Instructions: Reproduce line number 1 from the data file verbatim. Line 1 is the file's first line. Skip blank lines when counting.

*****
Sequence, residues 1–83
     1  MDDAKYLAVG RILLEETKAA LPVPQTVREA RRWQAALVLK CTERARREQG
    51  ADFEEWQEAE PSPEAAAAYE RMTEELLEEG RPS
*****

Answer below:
Sequence, residues 1–83